What’s behind the BP and INEOS petrochemical deal?
2 minute read
While most of the oil majors and NOCs are focusing on strengthening their petrochemical integration, BP has announced that it’s divesting its standalone petrochemical assets to INEOS in a deal worth US$5 billion. What’s driving BP – and what’s in it for INEOS?
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Why does this deal stand out?
It bucks a trend for integration as a growth strategy. As the energy transition shifts the drivers of oil demand towards petrochemicals, many oil producers and refiners are shifting their attention towards chemicals as a key target area for the future.
Dedicated crude-oil-to-chemicals (COTC) technologies are being developed and many traditional refineries are exploring ways to maximise production of chemical feedstocks. This trend is likely to lead to national and international oil companies steadily increasing their stake in the petrochemical market.
What’s driving BP to divest petrochemical assets?
For one thing, it will boost the balance sheet. In June 2020, BP announced it was cutting 14% of its global workforce, writing off US$17.5 billion on asset values and trimming capital expenditure by 25%. The company needed to raise cash urgently and aimed to do this by divesting its position in its chemical businesses. This deal helps to achieve its target of selling US$15 billion worth of assets by 2021, a year earlier than planned.
At the same time, it allows the company to focus on its long-term strategic goal – energy transition. In February, BP set its ambition to become a “net zero company” by 2050. Luke Parker, Wood Mackenzie’s Vice President of Corporate Analysis, commented that this move “will see BP’s business completely transformed over the coming decades: renewables and carbon abatement will get very big, legacy oil and gas will eventually get smaller.”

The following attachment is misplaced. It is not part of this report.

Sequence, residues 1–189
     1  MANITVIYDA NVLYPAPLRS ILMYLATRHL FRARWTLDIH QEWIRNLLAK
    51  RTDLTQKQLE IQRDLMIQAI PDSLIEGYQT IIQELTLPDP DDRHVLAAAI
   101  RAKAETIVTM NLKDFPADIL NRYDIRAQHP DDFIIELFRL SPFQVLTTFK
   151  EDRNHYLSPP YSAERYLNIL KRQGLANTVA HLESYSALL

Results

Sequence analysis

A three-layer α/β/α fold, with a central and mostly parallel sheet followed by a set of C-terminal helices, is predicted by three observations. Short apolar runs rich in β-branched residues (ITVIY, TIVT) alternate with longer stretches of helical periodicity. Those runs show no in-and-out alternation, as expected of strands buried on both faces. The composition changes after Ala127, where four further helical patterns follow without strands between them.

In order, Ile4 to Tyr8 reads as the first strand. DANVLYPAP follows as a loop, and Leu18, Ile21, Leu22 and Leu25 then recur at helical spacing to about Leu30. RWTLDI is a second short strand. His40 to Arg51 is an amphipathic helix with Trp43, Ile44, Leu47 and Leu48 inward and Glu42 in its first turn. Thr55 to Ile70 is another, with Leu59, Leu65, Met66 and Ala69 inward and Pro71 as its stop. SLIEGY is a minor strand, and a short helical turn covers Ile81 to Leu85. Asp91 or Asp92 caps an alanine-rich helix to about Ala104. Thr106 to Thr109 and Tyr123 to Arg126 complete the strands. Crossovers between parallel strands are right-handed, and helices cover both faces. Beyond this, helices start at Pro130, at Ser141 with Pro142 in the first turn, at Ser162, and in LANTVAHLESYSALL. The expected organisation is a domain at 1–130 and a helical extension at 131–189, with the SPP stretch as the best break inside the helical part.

This isn’t the first time BP divested assets to INEOS – in 2005 it sold Innovene for US$9 billion. BP held onto its paraxylene/PTA and acetyls assets when they were making strong profits. But now these businesses are struggling with overcapacity and the company has opted to forego the capital investments needed to keep pace in these highly competitive commodity markets.
Aside from the remaining deeply-integrated Gelsenkirchen and Mulheim sites, BP has now exited the chemicals business.
What is in it for INEOS?
For INEOS, the deal includes a number of co-located assets and represents a good overall portfolio fit with very limited overlap.
Undoubtably, INEOS is relying upon capturing significant operational synergies as it integrates the two businesses. The company already has an existing ethylene oxide/ethylene glycol business, but the purchase of BP’s 15 chemical assets enhances its integration into the polyester value chain.
Furthermore, INEOS may see strong growth potential in the plastics circularity movement – the acquisition of BP’s recycling business, Infinia, gains the company instant access to this space. BP’s recycling technology, which reconverts plastic polyethylene terephthalate (PET) waste back into virgin-quality feedstocks, is included in the sale.